I love food. It took me awhile to get there seeing as being scared of throwing up can make eating an issue, but I really love food. The only issue is that I have been known to have panic attacks in restaurants while with groups of people. I know that the issue isn’t SOLELY the restaurant but a combination of eating too much, a group of people and feeling trapped, but the idea of going out to eat at a restaurant sets my nerves up several notches. I’ve had to get up and leave meals with friends and I’m sure that it will happen again. I’m not going to stop going out to eat because I REALLY LOVE FOOD. However, I will spend the hour before hand wondering whether I should go or not. I’ll be thinking about canceling and rescheduling. I try to find a way to get take-out instead. In the future if we are out to eat together, be not offended if I suddenly get up and say, “I’m sorry I have to go immediately”. I have lost friends when this has happened. It doesn’t feel good but I am who I am! Great, now I’m hungry. Anyone for take-out?

I don’t like the idea of being in a car with a person I don’t know. I don’t like feeling like I don’t have control of where the driver is going. Which sounds odd because a taxi is there to pick you up and take you to your destination – you know, the one YOU CHOSE. For some reason, on many occasions, I’ve had cabs turn back and take me home. I’ve also had cabs just drop me off in the middle of the trip. Being dropped off in the middle of the Brooklyn Bridge can be a little difficult, no matter how much I demand (I had to wait until we got to the other side). I always tell the cab drivers the same thing, “Oh, my meeting has been canceled. Let’s turn around and go back.” I’m not sure why I decided saying I have a meeting needed to be said (most likely so I didn’t look crazy), nor do I know why I decided that I needed to give the driver a REASON for turning around. If I could walk everywhere I would. Don’t get me started on airplanes…

Am I alone? Well, if I’ve learned anything over the past many years is that I’m not. I’m sure that many of you will totally connect with me and know exactly what I’m talking about. That makes me feel comforted because there was a time when I felt like I was the only one and no one would ever understand. Now I know there is at least ONE person out there who does.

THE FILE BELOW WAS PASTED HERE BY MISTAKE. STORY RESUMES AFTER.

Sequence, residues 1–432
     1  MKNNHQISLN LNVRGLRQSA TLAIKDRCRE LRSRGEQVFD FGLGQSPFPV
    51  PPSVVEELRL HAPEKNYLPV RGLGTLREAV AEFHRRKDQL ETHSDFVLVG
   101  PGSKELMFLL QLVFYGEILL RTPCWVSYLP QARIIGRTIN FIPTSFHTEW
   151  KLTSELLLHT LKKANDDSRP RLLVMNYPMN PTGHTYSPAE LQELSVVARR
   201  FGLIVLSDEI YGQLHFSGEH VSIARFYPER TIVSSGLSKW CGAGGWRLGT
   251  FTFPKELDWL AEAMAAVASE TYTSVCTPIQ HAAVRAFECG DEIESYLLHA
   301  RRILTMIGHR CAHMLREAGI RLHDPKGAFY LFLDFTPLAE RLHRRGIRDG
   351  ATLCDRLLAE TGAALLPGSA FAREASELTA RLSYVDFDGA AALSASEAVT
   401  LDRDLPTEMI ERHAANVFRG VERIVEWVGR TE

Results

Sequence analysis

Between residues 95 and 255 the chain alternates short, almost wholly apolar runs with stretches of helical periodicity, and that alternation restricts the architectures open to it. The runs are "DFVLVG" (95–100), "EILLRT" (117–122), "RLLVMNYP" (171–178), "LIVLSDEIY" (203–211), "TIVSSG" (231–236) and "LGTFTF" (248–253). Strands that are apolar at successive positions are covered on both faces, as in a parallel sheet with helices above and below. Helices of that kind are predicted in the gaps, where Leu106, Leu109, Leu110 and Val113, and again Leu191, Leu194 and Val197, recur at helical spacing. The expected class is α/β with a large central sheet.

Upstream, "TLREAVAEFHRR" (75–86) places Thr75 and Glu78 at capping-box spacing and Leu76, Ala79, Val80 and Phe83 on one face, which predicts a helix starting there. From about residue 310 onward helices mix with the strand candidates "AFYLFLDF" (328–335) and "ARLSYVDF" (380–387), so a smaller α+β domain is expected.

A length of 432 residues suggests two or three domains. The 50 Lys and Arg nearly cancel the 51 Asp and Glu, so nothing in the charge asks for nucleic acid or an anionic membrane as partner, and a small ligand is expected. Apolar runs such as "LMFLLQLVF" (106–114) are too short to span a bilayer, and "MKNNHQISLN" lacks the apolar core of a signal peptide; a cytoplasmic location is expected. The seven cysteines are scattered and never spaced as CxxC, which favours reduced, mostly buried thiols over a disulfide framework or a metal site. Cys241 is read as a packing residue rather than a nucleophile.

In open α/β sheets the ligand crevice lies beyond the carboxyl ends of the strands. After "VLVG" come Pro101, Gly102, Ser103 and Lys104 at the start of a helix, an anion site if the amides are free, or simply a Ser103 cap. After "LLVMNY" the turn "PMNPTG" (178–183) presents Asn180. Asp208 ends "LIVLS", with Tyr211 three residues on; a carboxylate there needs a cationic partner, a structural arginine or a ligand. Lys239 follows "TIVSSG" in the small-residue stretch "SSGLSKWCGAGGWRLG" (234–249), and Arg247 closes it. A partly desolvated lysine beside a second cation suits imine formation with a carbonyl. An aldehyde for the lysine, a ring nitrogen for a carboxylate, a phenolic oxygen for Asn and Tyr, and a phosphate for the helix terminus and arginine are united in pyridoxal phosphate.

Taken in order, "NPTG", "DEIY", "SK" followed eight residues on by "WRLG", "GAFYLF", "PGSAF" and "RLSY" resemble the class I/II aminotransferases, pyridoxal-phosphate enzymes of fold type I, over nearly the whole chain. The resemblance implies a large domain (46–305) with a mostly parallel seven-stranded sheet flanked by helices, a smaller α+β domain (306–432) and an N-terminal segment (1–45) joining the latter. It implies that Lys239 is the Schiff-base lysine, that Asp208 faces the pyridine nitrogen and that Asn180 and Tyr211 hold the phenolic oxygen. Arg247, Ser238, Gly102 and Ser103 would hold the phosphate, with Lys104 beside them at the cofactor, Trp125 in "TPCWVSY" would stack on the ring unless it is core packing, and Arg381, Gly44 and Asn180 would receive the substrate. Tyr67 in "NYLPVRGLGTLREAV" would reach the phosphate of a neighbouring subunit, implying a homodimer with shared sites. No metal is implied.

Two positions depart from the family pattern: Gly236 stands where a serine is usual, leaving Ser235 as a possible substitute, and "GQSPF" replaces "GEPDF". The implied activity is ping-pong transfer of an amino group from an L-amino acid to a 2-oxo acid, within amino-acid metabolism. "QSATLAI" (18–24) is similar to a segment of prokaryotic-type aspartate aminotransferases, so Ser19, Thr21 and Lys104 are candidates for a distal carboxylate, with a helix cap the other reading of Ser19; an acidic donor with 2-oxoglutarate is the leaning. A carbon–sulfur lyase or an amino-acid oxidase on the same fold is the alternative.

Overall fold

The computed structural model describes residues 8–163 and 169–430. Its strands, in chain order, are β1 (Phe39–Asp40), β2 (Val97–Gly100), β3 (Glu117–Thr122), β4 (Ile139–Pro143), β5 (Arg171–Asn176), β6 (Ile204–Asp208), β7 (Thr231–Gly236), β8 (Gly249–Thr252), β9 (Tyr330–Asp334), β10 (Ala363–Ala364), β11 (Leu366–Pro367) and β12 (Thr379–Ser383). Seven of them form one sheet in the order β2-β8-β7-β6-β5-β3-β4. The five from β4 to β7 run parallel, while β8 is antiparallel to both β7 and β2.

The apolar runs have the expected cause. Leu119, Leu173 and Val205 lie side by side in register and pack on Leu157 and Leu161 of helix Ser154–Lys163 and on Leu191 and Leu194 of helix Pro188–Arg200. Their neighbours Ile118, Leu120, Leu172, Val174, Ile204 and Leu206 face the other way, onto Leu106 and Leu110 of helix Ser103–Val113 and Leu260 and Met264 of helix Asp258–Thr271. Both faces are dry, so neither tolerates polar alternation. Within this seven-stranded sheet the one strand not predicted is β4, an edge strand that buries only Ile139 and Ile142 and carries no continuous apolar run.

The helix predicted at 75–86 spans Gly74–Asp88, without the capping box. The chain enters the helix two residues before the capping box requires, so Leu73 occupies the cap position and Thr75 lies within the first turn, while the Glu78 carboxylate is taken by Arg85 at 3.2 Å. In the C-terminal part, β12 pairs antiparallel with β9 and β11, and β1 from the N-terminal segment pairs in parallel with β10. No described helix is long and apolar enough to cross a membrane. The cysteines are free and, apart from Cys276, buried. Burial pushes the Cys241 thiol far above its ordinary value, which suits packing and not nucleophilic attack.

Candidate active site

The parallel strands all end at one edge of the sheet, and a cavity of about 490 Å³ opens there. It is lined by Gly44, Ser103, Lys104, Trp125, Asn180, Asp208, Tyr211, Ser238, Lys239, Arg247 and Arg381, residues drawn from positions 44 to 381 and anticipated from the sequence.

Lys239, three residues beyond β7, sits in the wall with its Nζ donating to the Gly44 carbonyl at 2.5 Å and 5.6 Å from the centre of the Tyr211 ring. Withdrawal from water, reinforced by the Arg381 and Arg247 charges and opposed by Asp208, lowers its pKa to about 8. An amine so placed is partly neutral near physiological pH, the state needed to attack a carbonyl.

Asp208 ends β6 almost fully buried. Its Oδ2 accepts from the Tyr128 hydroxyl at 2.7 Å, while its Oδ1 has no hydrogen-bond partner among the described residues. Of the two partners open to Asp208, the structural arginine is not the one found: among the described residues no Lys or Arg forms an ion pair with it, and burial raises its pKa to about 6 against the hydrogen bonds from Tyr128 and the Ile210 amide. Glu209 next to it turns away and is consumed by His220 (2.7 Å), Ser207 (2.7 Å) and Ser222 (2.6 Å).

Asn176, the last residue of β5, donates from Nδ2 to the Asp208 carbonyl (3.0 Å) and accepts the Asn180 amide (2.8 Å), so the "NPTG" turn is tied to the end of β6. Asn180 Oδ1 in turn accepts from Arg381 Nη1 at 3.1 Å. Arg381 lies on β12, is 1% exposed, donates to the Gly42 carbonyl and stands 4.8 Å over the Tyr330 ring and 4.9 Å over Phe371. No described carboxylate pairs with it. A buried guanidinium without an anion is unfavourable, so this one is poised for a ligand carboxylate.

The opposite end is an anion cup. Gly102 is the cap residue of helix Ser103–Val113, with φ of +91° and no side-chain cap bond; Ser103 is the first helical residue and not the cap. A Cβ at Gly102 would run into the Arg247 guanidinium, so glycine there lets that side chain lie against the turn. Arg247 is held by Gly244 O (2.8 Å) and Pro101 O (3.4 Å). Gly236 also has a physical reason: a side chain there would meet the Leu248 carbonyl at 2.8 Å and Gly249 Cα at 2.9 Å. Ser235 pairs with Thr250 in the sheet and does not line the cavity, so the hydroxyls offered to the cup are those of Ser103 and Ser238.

The Physicality Of It All

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Over the years I seemed to have put the physical side effects of anxiety aside, as well as the side effects of medication.  I think that I’ve been solely concentration on the emotional and mental aspects of panic and anxiety that I forgot it can cause some serious effects on my physical self.

I’ve always been aware of what I feel when I’m in the midst of a panic attack – the nausea, the sweating, the palpitations – but I’ve neglected what happens to my body outside of an actual attack, between attacks, the toll it can take on yourself.  I’m currently dealing with a good example of this issue.

Last week when I took my newest dosage I had a plethora of physical and emotional side effects within a few hours of taking it.  I couldn’t figure out what was going on and why I was so sick within a small amount of time. I thought my body was used to the chemicals in my body and I could just up the dose and continue about my business.

I was wrong.

The next day, after my last entry, I was advised to take them on a full stomach.  Of course! How could I have forgotten such a basic rule? But, uh oh… I am never hungry in the mornings. Now that I switched to taking my medication in the morning instead of at night (um, hello insomnia?) I am currently experiencing heightened anxiety in the morning.  And now you want me to eat? Oh boy.

That eased some of the bad effects but now I’m really dreading having to force feed myself enough food every morning in order to take these pills.  If I could get away with just a piece of toast I think I’d be alright, but that is definitely not enough to pad my stomach.

As I write, I’m taking in a spoonful of oatmeal per paragraph.

Since the change I’ve become hypersensitive to every change in how I feel. Is it from the medication?  Did I eat something bad? Am I just tired? Should I have eaten more? Did I feel this way before and just didn’t notice? Am I getting better yet?

I suppose my next step is to accept that I’m going to feel different, and it too shall pass.

Maybe I’ll have to work hard at… not working hard. But what does that look like? What does that feel like? How will I know?

The cycle continues.